Krishna inquires Arjuna the reason for his sudden weakness and the reason for his belief of a physical body as an ultimate part of the Universe. He explains that, while body is destructible, soul is never destroyed and it continues a new life once it is released from its current body. He, hence, tells him to not consider the physical bodies of his foes as they themselves and encourages him to fight. He stresses that one should only perform his duty and not expect anything from its outcome. He also mentions that a wise man should consider both victory and loss as equal. The same, also, applies to happiness and sadness. He does not get attached to wordly happiness and finds happiness within himself. Hence, not even any human feelings affects him. He encourages Arjuna to be such a person and gain spiritual intelligence.

This is the summary of the second chapter of Bhagavad Gita.

Have a good one! 🙂

Bhagavad Gita – Chapter 1

Chapter 1: Lamenting the Consequence of War

Dhuriyodhana explains to Dhronar about the members of both armies. He also claims that their own army appears huge when compared to that of their foes. And, they all get prepared to fight by blowing their trumpets triumphantly. Arjuna, on the other hand, requests Krishna to drive his chariot in front of his foes to get a proper view of whom they are fighting with. And, Krishna does what he was requested. On seeing their foes, Arjuna gets filled with remorse mentioning that all their foes are actually his relatives. He prefers being killed by them rather than living with their blood stains. He explains that there is no point of living after killing all his relatives and he drops his bow.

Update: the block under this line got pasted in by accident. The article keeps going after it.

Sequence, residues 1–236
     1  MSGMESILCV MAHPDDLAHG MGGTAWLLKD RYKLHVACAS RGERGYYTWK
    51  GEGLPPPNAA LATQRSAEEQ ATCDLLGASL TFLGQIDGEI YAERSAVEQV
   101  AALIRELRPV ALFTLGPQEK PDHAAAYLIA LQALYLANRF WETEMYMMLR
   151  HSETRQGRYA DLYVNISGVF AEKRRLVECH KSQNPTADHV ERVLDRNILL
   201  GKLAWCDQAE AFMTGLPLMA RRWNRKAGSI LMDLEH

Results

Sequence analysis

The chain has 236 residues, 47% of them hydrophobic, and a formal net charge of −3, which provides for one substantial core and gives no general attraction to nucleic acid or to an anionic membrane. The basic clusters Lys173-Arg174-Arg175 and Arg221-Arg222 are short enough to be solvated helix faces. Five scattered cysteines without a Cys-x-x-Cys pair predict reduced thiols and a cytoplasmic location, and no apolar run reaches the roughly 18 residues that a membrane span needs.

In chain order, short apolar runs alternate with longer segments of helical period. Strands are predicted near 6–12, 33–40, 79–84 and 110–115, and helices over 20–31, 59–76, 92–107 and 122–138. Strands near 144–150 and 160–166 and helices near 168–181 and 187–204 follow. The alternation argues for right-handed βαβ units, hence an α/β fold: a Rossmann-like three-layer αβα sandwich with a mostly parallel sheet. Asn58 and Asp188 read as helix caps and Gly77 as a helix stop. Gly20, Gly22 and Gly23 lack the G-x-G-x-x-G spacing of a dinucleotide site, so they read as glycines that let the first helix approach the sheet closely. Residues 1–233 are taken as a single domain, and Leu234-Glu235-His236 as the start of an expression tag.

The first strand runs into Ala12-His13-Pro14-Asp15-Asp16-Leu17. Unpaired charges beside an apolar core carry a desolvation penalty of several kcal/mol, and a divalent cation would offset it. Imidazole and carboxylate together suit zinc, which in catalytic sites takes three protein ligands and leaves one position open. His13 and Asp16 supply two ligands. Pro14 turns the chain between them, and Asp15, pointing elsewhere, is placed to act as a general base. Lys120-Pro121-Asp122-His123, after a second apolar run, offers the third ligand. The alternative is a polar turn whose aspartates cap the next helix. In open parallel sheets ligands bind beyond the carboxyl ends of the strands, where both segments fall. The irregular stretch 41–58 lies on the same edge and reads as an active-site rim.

This is the summary of the first Chapter of Bhagavad Gita.

Have a great day! 🙂

Welcome to the section of Bhagavad Gita!

Hello everyone! This section is dedicated to the religious book of Hinduism – The Bhagavad Gita.

First, a bit of introduction!

Bhagavad Gita is actually a part of the epic Mahabharata and has 18 Chapters. It portrays the discussion between Lord Krishna and Arjuna on the battlefield of Gurukshetra. As Dhritarashtra, the king of Hastinapur, couldn’t go to the battle, he requested his minister Sanjaya to explain the war events, as and when it happens. Sanjaya, who was blessed by the sage Veda Vyasa with the power of Divya Dhrishti, an ability to see events at a distance, explains him the details of the war including the discussion of Lord Krishna and Arjuna.  That is how the Bhagavad Gita begins.

Though the intricate level of explanations for each and every verse is not provided in this section, a brief summary which includes all the important messages delivered by Lord Krishna has been provided. Every post is a chapter of Bhagavad Gita.

New posts will appear as and when I myself read the chapters of the book. 🙂

Please provide your valuable comments.

Have a good one! 🙂